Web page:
Every quarter we collaboratively choose which learning experiences will have the biggest impact on our team. Our team of collaborators spans across many departments, roles, and levels.
Once designed, many of our courses are facilitated by internal experts from deep within Slack. For example, our leadership academy is peppered with leaders from inside Slack. Who better than current leaders to understand what leadership means within our company?
Yea, but… Does it work?
Although it's early in our history, our strategies seem to be working. The aggregate net promoter score for our courses is 91, and aggregate comprehension scores are just above 80%. We're also seeing our attendees uplevel their work in their respective roles as reported by their managers. Of course, we have much more to learn, but these early results seem to show the investment we're making is a good one.
The more we learn together, the better we'll be able to tackle what's next.
Kristen Swanson is Slack's Director of Learning and thinks backpacks are better than purses.
Research by Deloitte's Center for the Edge reveals that culture, not process, will drive organizations in the future
We've been consumed by the notion that efficiency is the way to generate value for a very long time," says Andrew de Maar, Head of Research and Strategy at Deloitte's Center for the Edge.
According to de Maar and his team's research, leaders are so consumed with process and productivity, they often miss out on championing a much more critical component of long-term success: people.
Technology can be helpful to improving a work group's performance, but it's not the only answer. Ultimately, it's the practices of the people and the way they work, and how they come together to do that work that can either foster a piece of technology's potential or extinguish it.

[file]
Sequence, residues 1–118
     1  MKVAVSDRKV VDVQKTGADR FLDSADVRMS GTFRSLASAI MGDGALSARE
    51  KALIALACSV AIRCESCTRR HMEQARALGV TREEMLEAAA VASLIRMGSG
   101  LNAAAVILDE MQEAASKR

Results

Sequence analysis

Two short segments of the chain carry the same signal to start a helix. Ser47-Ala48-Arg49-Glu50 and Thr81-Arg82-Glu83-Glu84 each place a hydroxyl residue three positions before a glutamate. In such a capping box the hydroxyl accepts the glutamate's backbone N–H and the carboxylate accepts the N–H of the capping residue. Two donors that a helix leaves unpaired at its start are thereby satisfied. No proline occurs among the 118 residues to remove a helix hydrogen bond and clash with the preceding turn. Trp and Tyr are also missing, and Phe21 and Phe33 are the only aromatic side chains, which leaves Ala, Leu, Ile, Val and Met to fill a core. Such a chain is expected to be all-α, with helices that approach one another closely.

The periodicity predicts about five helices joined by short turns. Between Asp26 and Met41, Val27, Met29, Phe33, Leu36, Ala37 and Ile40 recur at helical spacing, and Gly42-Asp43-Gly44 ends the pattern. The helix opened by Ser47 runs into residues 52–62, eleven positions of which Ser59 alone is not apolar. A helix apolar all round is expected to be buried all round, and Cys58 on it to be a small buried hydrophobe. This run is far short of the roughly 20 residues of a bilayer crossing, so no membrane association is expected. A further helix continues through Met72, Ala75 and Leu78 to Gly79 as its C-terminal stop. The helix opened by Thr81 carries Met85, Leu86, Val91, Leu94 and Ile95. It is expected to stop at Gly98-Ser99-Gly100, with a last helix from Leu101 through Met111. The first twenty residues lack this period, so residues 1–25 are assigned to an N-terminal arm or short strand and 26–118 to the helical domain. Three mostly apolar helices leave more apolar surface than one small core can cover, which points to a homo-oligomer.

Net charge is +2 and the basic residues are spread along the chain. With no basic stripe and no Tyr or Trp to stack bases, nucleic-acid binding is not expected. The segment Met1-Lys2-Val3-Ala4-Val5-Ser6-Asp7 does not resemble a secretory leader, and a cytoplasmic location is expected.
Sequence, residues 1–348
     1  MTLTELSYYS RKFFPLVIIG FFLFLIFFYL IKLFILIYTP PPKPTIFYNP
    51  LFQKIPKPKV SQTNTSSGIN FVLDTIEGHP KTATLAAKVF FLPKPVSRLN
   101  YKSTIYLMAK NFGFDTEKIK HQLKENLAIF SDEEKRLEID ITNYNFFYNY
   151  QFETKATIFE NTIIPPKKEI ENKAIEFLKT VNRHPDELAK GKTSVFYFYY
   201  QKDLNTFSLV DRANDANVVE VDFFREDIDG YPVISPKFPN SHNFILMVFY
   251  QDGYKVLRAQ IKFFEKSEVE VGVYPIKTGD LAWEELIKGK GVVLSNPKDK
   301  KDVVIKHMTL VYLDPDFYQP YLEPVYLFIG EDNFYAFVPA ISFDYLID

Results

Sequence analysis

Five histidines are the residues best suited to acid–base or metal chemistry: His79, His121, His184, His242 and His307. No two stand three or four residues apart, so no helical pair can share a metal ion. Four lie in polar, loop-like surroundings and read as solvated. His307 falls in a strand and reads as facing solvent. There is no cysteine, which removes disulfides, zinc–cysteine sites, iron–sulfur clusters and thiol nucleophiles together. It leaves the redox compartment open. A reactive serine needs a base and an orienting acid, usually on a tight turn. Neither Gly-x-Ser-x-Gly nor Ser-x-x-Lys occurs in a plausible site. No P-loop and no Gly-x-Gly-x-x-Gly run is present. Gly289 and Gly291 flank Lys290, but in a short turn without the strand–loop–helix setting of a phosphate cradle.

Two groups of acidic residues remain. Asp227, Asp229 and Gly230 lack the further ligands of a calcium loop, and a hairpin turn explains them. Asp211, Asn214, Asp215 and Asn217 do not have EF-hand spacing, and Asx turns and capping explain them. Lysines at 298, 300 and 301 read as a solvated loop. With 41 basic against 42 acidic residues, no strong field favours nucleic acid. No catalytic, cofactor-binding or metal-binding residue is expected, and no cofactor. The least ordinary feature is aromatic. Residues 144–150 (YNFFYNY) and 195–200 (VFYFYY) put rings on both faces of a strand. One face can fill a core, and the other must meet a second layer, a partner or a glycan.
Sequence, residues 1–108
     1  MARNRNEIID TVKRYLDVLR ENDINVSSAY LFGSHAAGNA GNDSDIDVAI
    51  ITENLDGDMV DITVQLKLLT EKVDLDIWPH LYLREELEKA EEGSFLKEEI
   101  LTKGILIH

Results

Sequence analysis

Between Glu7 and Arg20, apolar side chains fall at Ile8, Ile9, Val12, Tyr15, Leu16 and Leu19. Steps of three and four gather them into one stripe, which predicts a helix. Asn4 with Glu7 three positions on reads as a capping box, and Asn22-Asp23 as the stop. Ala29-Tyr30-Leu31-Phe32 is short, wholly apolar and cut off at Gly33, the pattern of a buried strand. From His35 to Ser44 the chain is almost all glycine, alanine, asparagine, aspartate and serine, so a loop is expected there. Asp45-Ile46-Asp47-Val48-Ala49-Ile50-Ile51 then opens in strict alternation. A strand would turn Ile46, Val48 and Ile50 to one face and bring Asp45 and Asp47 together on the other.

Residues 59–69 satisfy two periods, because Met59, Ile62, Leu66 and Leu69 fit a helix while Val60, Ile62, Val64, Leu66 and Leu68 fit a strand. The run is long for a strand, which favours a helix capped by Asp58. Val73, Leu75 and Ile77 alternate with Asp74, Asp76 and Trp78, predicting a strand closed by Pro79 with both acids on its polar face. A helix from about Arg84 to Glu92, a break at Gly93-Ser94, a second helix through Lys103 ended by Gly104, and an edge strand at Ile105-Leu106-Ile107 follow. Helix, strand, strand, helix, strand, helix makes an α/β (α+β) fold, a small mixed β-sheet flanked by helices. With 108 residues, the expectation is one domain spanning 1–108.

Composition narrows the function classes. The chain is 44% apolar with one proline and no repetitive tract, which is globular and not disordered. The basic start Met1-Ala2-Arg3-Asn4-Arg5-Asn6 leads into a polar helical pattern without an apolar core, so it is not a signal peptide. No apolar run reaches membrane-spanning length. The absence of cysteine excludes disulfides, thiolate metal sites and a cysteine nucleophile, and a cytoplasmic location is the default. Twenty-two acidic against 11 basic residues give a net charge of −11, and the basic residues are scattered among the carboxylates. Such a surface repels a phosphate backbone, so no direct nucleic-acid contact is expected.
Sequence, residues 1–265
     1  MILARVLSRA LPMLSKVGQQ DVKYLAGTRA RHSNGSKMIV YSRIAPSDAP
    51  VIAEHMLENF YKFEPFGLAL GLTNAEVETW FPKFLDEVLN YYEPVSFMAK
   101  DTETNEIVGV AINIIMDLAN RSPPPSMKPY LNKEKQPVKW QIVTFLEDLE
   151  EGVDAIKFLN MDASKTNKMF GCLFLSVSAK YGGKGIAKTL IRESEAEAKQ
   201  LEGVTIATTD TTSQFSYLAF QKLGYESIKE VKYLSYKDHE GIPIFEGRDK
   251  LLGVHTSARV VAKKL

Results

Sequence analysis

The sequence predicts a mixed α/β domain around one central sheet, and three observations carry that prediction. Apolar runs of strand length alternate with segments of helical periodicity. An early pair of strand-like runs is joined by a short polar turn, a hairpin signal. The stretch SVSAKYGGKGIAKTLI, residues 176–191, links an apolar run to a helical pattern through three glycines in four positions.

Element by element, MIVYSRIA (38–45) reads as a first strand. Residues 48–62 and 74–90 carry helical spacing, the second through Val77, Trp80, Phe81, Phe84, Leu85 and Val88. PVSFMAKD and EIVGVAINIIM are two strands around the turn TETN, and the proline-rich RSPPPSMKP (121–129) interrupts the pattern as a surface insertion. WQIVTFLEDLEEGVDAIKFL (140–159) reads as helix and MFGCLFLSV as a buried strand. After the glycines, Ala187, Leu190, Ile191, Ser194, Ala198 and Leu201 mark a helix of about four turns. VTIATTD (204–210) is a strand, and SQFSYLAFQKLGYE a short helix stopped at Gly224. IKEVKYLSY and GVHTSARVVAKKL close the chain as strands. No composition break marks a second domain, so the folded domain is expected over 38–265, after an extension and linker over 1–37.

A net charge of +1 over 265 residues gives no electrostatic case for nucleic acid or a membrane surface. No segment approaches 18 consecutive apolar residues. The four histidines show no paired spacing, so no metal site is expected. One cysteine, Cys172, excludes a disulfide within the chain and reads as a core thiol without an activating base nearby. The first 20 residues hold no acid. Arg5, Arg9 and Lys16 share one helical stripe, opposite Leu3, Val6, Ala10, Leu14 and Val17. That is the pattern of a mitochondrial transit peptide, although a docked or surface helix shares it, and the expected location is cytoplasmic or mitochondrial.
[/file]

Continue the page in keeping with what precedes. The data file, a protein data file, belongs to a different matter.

Speed up onboarding with these integrations for Slack
Below is an article originally written by PowerToFly Partner Slack, and published via Medium on June 7th, 2018. Go to Slack's page on PowerToFly to see their open positions and learn more.
While a well-equipped desk with a new laptop and a coffee mug might make for a nice introduction, it's how you prepare employees for their new position that matters most. "Faster onboarding means employees can more quickly do the jobs they were brought on to do," says a recent IDC research study, sponsored by Slack, that also finds that HR teams using Slack for employee onboarding are able to get people up to speed on their new jobs 24% faster.
Getting new hires fully briefed and trained up can be a lengthy process. By connecting various tools with Slack, you can run an effective and organized onboarding program that gives new employees immediate access to the tools and information they need to make a roaring head start.